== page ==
This is my 35th article in the Mercury Food and Wine supplement. This article also appeared on the site, Verdant Life
The importance of knowing what is in our food and and how it is produced has grown in relevance. There have been the recent issues with mislabelled meats and the fight to have GM foods labelled. In their pursuit of profits many food suppliers seem to have put ethical values on the back burner.
The organic food market place is no exception to this trend.The term “organic” has become a marketing buzzword with some suppliers using it to capitalise on a growing consumer segment that is driven by ethical choice, but without real substance behind their claims. This was one of the main reasons for the development worldwide of an organic standard. This standard was to provide a minimum baseline of compliance to acceptable organic practice.
Organic farmers and processors would have to be audited on an annual basis on their compliance to this standard and receive a certificate to this effect. This system would then reassure consumers that the food they purchased genuinely adhered to the accepted standard. The organic certification system also achieved another important goal, which was to enable the transfer of knowledge and skills to all participants. The inspector, in addition to auditing would also advise the farmer.
In South Africa this system has run into a few problems. The government has not embraced the organic movement and as a result has not gazetted the organic standards, thus giving them force in law. This means that anybody using the label organic without complying with the standards could not be held criminally liable. It also meant that there were no uniform standards for South Africa.
However the majority of third-party certifiers used the EU standards as their baseline, as these were considered to be of the best quality. Recently, two new developments have come about. Firstly there has been an effort to draw up a South African standard and to register a uniquely South African organic labelling system. The standard and labels are being developed through the South African Bureau of Standards. The process is about to enter the public comment phase. The other significant development has been the international adoption of the Participatory Guarantee System (PGS). This is an organic certification system that uses both peer review and public and consumer participation in the inspection process. Under the old third party system, an independent organisation would inspect a farmer and issue a certificate. This system proved costly and was out of reach of smaller farmers. This meant that many small farmers were excluded from the system and had their marketing opportunities limited.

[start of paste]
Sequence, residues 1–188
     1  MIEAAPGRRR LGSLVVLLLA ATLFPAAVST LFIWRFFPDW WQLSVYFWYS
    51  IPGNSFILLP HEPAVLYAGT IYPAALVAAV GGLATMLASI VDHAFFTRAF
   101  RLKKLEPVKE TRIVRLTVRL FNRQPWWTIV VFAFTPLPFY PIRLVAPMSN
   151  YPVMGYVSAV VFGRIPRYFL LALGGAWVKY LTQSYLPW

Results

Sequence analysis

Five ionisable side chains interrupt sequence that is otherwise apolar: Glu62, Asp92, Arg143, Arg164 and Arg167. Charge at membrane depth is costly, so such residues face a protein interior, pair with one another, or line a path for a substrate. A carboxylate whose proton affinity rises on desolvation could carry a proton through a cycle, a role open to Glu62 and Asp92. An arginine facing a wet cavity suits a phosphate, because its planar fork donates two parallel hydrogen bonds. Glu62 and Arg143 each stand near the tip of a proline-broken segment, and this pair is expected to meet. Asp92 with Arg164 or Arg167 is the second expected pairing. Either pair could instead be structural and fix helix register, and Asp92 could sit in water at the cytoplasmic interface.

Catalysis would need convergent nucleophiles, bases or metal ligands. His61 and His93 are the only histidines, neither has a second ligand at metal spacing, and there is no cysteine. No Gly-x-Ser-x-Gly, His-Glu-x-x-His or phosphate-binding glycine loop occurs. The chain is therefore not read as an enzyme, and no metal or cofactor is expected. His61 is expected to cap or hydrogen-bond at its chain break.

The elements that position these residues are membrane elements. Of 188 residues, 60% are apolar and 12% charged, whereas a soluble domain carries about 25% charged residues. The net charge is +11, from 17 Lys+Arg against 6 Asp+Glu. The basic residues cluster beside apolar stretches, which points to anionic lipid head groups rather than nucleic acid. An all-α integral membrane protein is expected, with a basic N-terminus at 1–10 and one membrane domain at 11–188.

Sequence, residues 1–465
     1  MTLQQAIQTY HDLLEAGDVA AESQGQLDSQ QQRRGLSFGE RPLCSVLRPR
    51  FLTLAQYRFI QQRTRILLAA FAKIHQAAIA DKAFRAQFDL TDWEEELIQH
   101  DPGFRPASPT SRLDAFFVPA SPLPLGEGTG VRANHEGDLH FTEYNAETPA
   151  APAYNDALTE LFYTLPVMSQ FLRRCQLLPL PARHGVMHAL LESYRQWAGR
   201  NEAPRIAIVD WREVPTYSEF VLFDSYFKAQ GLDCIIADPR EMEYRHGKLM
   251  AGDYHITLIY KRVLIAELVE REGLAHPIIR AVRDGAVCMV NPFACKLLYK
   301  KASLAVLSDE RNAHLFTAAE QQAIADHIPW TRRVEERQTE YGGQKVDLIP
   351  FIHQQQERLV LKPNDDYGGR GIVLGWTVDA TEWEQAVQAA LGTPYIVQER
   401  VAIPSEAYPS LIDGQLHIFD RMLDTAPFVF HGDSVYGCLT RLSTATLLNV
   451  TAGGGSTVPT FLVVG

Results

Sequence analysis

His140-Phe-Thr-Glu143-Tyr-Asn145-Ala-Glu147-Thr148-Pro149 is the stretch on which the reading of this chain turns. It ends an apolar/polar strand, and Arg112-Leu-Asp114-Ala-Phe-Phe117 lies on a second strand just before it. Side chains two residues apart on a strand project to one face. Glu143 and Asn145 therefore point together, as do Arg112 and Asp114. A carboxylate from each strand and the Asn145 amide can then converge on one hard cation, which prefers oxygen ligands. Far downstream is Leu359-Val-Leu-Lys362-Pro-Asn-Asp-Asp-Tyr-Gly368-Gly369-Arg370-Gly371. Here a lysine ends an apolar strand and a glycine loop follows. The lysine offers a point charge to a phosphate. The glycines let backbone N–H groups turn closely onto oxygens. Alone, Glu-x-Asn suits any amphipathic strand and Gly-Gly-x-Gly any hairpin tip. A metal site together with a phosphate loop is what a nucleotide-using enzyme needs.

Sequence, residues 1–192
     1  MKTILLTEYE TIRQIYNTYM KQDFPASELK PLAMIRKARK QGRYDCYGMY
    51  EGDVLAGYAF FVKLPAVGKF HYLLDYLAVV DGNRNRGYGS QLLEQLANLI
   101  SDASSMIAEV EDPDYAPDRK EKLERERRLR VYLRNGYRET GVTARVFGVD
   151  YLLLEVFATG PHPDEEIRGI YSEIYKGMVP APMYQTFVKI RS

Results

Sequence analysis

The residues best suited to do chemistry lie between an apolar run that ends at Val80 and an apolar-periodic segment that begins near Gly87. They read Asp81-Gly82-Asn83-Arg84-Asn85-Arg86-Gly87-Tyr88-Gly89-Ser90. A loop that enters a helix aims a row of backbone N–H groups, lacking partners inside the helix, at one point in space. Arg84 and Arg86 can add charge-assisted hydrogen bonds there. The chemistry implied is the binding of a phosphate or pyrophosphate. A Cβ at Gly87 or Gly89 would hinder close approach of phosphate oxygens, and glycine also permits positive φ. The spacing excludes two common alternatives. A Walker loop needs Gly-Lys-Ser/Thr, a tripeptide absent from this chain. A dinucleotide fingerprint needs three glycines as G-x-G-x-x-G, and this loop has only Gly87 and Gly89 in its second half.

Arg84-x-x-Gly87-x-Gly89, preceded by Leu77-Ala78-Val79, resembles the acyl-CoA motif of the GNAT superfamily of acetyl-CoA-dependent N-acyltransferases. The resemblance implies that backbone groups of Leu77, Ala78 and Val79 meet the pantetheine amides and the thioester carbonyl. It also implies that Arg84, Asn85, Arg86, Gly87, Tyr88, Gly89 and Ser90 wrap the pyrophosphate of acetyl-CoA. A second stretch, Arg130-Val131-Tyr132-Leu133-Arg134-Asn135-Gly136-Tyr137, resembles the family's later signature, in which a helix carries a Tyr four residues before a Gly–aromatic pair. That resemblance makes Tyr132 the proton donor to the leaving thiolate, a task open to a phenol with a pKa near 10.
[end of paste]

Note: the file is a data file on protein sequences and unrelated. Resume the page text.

The PGS system uses the farmers themselves, interested members of the public and retailers to carry out the inspections. The same organic standards are used as with third party certification. There is an advantage in it being affordable to the smallest farmer, but by far the greatest advantage the system has is its transparency. Consumers are actively encouraged to participate in the inspection process. The system is suited to a local marketing model and will encourage communication between the farmer and the consumer, which is one of the aims of organic farming.
This is an exciting development and some progress is being made in establishing a PGS for the KZN Midlands and the coast. There needs to be trust between the farmers and those who rely on them for their nourishment, and this will be an excellent way to achieve this.